Later today I am going to be merging our new post rendering engine into master. Swapping out Ember/HTMLBars for a virtual-dom based renderer provides us with a huge performance increase, but it also has the side effect of being incompatible with how plugins were previously made.
The good news is the latest version of Discourse has a new versioned API for plugins and extensibility. The bad news is most plugins will need to be updated.
To ease in this transition, I spent the last two weeks going through the most popular discourse plugins and updating them so that they’d be compatible with both versions of discourse. If your plugin was open source, you might have received a pull request from me! If you are a plugin author, please check your plugin against the
tests-passed of discourse!
I have provided deprecation warnings for old APIs that are migrated to the new system. I’ve also tried wherever possible to always boot discourse, even if code is using old objects or functions. The odds are good that even if you coded directly against an internal Discourse object, your plugin will not stop Discourse from loading (but it will not add or change functionality!)
Using the new API
To use the new client side API, you must ask Discourse for an instance of a
PluginAPI object. You can do this in an initializer by importing
withPluginApi and calling it like so:
The idea here is you tell Discourse you want an instance of the Plugin API object for a particular version of the API. Since this is the first release, I’ve specified the version
The cool thing here is that Discourse can provide backwards compatible API objects, even if things behind the scene change. We could be up to version 1.3, for example, but still know how to provide an API compatible object for 0.1.
Additionally, if the API you used is so old that we can’t provide a backwards compatibility layer (likely due to a very severe refactor down the line) we just won’t call the function and your plugin code will not be executed at all. The idea here is it’s better to do nothing at all, rather than have a Javscript error that would interrupt Discourse from starting up safely.
Plugin API Documentation
The documentation for the PluginAPI version 0.1 can be found in plugin-api.js. I’ve documented the public surface area of the API there. The easiest thing to do when developing a plugin is to open that file and look for the latest hooks and methods you can consume. Also, don’t be afraid to ask questions on meta! All the Discourse developers read this forum daily and we can offer guidance and support.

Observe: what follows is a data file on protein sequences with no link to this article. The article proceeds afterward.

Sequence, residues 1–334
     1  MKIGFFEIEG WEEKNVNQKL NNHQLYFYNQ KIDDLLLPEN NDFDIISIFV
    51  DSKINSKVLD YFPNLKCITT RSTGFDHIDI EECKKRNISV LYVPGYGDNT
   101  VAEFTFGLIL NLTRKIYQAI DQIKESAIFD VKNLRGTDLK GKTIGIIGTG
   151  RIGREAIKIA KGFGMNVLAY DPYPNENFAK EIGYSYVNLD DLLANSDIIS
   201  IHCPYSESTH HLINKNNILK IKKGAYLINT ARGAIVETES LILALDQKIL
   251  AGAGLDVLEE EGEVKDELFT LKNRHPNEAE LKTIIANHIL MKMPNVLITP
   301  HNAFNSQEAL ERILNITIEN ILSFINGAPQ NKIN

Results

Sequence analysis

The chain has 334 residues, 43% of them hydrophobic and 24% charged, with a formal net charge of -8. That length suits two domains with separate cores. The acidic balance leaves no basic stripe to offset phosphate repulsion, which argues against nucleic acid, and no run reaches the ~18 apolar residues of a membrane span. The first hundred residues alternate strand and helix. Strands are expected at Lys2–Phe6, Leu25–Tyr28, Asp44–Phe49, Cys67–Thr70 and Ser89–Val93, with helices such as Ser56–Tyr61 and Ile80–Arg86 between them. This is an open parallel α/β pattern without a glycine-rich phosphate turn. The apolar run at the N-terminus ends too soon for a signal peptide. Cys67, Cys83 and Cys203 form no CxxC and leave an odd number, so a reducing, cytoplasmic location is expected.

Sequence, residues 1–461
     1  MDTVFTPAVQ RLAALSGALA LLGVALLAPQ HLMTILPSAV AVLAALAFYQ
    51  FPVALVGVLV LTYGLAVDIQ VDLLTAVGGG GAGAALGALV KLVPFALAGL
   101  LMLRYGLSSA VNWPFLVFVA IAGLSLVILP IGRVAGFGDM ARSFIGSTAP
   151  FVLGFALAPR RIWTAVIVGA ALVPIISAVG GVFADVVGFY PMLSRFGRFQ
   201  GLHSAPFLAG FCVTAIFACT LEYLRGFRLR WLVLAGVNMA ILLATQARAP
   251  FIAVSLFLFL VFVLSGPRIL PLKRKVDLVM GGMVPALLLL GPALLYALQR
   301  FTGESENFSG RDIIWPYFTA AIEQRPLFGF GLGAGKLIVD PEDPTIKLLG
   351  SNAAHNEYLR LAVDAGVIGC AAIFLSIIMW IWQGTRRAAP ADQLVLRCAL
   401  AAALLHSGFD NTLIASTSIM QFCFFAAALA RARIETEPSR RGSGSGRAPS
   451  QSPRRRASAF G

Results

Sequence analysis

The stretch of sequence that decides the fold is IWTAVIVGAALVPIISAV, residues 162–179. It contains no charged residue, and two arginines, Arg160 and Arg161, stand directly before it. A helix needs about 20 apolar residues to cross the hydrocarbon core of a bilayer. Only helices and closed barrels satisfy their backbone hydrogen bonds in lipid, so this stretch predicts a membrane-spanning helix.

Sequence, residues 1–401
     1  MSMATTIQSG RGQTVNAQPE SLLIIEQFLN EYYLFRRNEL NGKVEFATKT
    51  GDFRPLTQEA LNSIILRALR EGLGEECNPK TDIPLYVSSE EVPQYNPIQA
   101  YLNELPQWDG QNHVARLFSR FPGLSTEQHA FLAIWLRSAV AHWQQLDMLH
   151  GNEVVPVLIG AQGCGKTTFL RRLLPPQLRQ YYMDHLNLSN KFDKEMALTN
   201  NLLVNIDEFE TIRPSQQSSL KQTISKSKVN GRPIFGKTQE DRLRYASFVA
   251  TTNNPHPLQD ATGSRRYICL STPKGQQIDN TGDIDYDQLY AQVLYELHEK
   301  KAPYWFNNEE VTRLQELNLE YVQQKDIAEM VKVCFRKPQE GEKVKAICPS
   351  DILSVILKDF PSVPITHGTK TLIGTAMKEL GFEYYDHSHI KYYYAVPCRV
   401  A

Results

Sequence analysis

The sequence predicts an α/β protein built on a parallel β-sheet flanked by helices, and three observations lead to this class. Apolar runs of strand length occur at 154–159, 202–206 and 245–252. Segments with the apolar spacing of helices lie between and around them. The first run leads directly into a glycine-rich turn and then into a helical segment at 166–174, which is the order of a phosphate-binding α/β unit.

Providing Backwards Compatiblity
New plugin authors will be able to use the
withPluginApi as specified above. However, for older plugins that must co-exist with versions of Discourse that exist before the new API was added it’s a little more involved.
I have backported the
withPluginApi call to the beta and stable branches of Discourse, so that call is safe to make in all currently supported releases. As mentioned previously, if no api is available for the version you requested, that code will not run, so you can use it to gate the code that works with the new API safely.
However, you’ll still need a way to run your old code, so I’ve added a
noApi option to help with this. This is how I’ve ported all the plugins I’ve done so far. Here’s an example of that approach:
In the above example, if version 0.1 of the plugin API is available,
initializePlugin will be called and can use it. If no API is present,
oldCode will be called. You can paste your old plugin code there and it should work. If you want a more involved example, you can see here how I updated the solved plugin to use this approach.
Using the versioned API in a Site Customization
See this write up for information on how to use the plugin API safely within a Site Customization.
Again, I’d like to apologize for not having a versioned API in place in the past and the difficulties this will introduce. However, in the long run I believe this change will be worth it, and will drastically prevent developer pain as we continue to update Discourse.